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BP Business Economic Loss Claim Appeal 2017-1132: Claimant Not Required to Present Independent Evidence of Causation

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The following is an Appeal Panel Decision issued pursuant to Section 6 of the BP Deepwater Horizon Economic & Property Damages Settlement Agreement and the Rules Governing the BP Appeals Process. Links may have been added to assist the reader. The original decision may be found here, as well as a glossary of BP Settlement terms

BP challenges the entirety of the $1,035,893.23 pre-RTP BEL award the Settlement Program (“the SP”) granted Huntsville, Alabama (Zone D), construction contractor
BP asserts that it is“facially implausible” that could have been impacted by the Oil Spill. BP bases this contention on the fact thatis located 360 miles from the Gulf of Mexico and the fact that its decline in revenue began before the Spill. Thus, argues BP, claim for attestation of a Spill-related loss is “implausible and suspicious,” requiring an investigation by the SP at the threshold of the claims process and now, on appeal, a denial of the claim in its entirety by this Panel. BP’s Final Proposal is for such a denial or, in the alternative, a remand to the SP “with instructions to evaluate whether Claimant’s sworn attestation is implausible or suspicious.”
In In Re: Deepwater Horizon, 744 F. 3d 370 (5th Cir. 2014) (Deepwater Horizon III), the 5th Circuit stated:
In light of our reading of the Settlement Agreement, claim form, letter briefing, and the voluminous record in this appeal,
we conclude the Settlement Agreement does not require a claimant to submit evidence that the claim arose as a result of the oil
spill. Each claimant does attest, though, under penalty of perjury, that the claim in fact was due to the Deepwater Horizon disaster.
The attestation, of course, applies to all assertions on the claims form, including the financial figures and other details.
Suspicious forms would be subject to investigation. These requirements are not as protective of BP’s present concerns as might
have been achievable, but they are the protections that were accepted by the parties and approved by the district court. It
was a contractual concession by BP to limit the issue of factual causation in the processing of claims. Causation, or in Rule 23 terms,
trace ability, was not abandoned but it was certainly subordinated.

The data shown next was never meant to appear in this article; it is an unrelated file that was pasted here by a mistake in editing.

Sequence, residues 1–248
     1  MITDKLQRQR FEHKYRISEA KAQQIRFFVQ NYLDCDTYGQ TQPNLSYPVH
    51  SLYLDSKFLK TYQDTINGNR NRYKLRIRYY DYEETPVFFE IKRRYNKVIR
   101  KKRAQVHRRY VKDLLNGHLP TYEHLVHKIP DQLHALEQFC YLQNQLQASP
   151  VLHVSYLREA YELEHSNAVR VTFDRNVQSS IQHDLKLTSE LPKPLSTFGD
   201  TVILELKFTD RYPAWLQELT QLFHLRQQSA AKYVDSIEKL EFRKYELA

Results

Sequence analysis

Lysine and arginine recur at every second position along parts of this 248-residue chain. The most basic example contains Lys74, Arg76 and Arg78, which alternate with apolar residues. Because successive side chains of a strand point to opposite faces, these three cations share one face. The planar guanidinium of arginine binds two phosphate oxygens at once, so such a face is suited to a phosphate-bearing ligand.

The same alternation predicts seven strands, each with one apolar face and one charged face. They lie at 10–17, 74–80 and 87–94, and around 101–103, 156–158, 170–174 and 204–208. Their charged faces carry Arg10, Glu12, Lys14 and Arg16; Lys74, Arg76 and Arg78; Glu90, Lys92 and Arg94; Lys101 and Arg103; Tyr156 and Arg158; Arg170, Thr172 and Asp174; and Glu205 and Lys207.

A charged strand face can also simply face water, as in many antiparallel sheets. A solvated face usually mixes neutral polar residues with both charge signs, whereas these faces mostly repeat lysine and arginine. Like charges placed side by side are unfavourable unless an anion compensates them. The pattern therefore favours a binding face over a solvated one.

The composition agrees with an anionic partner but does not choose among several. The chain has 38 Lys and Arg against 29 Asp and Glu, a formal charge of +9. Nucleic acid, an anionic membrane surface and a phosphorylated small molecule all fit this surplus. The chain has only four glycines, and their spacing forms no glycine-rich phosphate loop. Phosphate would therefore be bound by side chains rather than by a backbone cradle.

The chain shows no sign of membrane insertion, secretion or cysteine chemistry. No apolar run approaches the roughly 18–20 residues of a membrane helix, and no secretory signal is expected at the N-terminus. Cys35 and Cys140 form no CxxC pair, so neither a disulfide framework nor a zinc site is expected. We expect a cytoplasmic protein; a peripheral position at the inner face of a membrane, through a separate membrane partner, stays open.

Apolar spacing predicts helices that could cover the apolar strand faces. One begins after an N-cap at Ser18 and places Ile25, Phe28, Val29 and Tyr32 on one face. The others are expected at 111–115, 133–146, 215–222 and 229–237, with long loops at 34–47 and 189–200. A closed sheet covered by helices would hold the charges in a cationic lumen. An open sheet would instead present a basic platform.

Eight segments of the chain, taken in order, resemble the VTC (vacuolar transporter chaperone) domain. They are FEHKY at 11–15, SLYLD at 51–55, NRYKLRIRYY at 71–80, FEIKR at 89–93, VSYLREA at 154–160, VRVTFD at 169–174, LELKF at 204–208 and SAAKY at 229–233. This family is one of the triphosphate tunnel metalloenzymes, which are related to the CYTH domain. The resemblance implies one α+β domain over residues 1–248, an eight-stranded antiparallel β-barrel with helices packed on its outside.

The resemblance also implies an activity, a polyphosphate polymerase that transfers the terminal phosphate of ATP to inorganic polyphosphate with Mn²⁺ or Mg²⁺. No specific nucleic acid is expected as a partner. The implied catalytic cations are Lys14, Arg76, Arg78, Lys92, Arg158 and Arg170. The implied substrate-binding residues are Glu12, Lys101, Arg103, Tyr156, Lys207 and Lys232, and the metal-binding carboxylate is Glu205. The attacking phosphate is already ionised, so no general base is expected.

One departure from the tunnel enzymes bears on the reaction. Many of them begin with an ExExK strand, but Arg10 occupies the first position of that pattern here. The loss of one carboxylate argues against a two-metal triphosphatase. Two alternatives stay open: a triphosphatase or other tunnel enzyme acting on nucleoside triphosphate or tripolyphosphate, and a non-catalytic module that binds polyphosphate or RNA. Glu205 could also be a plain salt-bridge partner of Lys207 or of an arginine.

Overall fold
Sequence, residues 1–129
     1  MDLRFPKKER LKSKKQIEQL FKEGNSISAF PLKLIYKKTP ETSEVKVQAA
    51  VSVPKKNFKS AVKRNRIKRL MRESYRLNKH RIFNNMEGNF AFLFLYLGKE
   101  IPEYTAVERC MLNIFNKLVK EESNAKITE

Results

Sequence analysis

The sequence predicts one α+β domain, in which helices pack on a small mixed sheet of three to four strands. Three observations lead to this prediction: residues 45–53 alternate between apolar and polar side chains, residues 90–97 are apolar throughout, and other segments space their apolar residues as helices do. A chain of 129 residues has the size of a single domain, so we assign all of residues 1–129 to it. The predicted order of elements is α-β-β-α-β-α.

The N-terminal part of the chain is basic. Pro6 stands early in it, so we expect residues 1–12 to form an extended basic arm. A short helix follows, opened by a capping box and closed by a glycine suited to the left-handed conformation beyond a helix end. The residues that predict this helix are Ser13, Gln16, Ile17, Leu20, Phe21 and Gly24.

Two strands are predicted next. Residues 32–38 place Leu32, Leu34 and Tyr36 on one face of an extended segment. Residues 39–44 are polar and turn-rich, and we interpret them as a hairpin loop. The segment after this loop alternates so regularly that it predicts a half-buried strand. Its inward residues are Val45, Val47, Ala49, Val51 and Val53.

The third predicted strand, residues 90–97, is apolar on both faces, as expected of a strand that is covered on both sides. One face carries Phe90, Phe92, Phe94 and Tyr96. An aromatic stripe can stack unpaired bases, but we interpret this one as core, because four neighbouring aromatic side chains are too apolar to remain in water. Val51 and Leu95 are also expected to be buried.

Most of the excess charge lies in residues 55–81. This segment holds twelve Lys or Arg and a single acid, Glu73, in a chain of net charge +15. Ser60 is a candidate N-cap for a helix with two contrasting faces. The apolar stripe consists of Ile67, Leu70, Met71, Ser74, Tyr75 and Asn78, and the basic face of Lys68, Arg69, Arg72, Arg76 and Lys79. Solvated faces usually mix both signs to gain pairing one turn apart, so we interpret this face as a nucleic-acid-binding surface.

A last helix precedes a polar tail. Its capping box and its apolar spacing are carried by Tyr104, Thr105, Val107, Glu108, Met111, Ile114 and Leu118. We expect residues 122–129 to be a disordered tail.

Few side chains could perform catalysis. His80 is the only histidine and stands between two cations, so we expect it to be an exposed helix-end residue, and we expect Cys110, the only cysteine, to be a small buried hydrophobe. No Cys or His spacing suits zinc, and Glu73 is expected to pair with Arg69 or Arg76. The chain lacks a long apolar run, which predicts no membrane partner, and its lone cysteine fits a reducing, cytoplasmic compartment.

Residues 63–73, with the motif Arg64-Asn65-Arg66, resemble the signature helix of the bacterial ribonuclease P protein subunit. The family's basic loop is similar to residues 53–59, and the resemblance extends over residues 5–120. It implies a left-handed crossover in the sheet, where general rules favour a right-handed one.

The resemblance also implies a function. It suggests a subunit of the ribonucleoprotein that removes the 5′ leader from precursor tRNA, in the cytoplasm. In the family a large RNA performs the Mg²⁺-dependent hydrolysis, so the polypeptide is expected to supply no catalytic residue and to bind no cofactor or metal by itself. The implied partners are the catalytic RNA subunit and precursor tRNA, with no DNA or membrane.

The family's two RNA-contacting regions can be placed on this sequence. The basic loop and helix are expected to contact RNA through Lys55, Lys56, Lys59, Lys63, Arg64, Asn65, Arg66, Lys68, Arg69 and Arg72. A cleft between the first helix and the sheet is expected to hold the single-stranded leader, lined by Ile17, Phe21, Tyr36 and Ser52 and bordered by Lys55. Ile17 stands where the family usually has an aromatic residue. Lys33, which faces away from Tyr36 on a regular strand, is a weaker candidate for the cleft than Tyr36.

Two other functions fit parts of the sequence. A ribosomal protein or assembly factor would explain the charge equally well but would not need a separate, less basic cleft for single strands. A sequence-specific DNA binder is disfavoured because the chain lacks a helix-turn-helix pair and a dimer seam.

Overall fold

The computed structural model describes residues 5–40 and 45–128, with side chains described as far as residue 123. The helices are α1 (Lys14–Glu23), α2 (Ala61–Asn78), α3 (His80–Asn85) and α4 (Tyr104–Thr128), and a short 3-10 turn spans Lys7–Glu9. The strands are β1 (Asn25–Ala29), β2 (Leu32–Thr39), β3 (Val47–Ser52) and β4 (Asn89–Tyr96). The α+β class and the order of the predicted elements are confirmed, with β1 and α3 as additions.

• • •
We do not agree that we should order the claims administrator to perform that gate keeping function. There is no language
in the Settlement Agreement nor inBP’s briefing, supplemental submissions, or emergency motions, about a procedure
to be followed when an attestation of a nexus seems at odds with the specifics of the claim. Far from proposing a specific procedure
or even guidelines for crafting one, the entirety of BP’s requested relief, exemplified in its Renewed Motion for Injunction, is
a permanent injunction barring the [claims administrator] from issuing or paying awards to claimants whose alleged injuries are
not traceable to the spill.” BP identifies its desired relief but does not identify a part of the Settlement Agreement that in any way
suggests that each submitted claim would be examined as to whether it satisfies a traceability requirement.
Deepwater Horizon III, 744 F. 3d at 376-378 (emphasis added).
This analysis by the 5th Circuit makes clear that BEL claimants are not required to furnish independent evidence of causation beyond the objective criteria of Exhibit 4B to the Settlement Agreement and that the Claims Administrator is not required to serve as a gate keeper, weighing the plausibility of a claim’s nexus to the Spill by some standard beyond the requirements of Exhibit 4B. BP takes the position that it is simply implausible that a claimant located in Zone D Huntsville-360 miles from the Gulf -could have experienced any impact from the Spill. But Section 38.80 of the Settlement Agreement negotiated by BP places the entire State of Alabama within the Gulf Coast Areas eligible for compensation consideration and Section 38.177 defines Zone D as the residual portions of the Gulf Coast Areas outside of Zones A-C. Exhibit 4B.III. spells out the “Causation Requirements for Zone D.” Claimant satisfies those requirements.
If BP had wished to reserve to itself the right to disqualify claimants based on their distance from the Gulf, it should never have agreed to have the entire State of Alabama included within the Gulf Coast Areas. The effect of a claimant’s distance from the Gulf is taken into account in the designation of the four Economic Loss Zones into which the State of Alabama is subdivided.
Many appeal panels have now had occasion to confront this “implausible and suspicious” defense BP began asserting several months ago, and it has been uniformly rejected, except in one claim where the claimant had engaged in illegal activity. As presented by BP, the defense is nothing more than the long-ago discredited alternative causation argument, and this Panel joins the host of previous appeal panels which have rejected it. BP’s request for remand is declined and its Final Proposal of “$0” is rejected in preference toin the amount of the pre-RTP award by the SP. Appeal denied.

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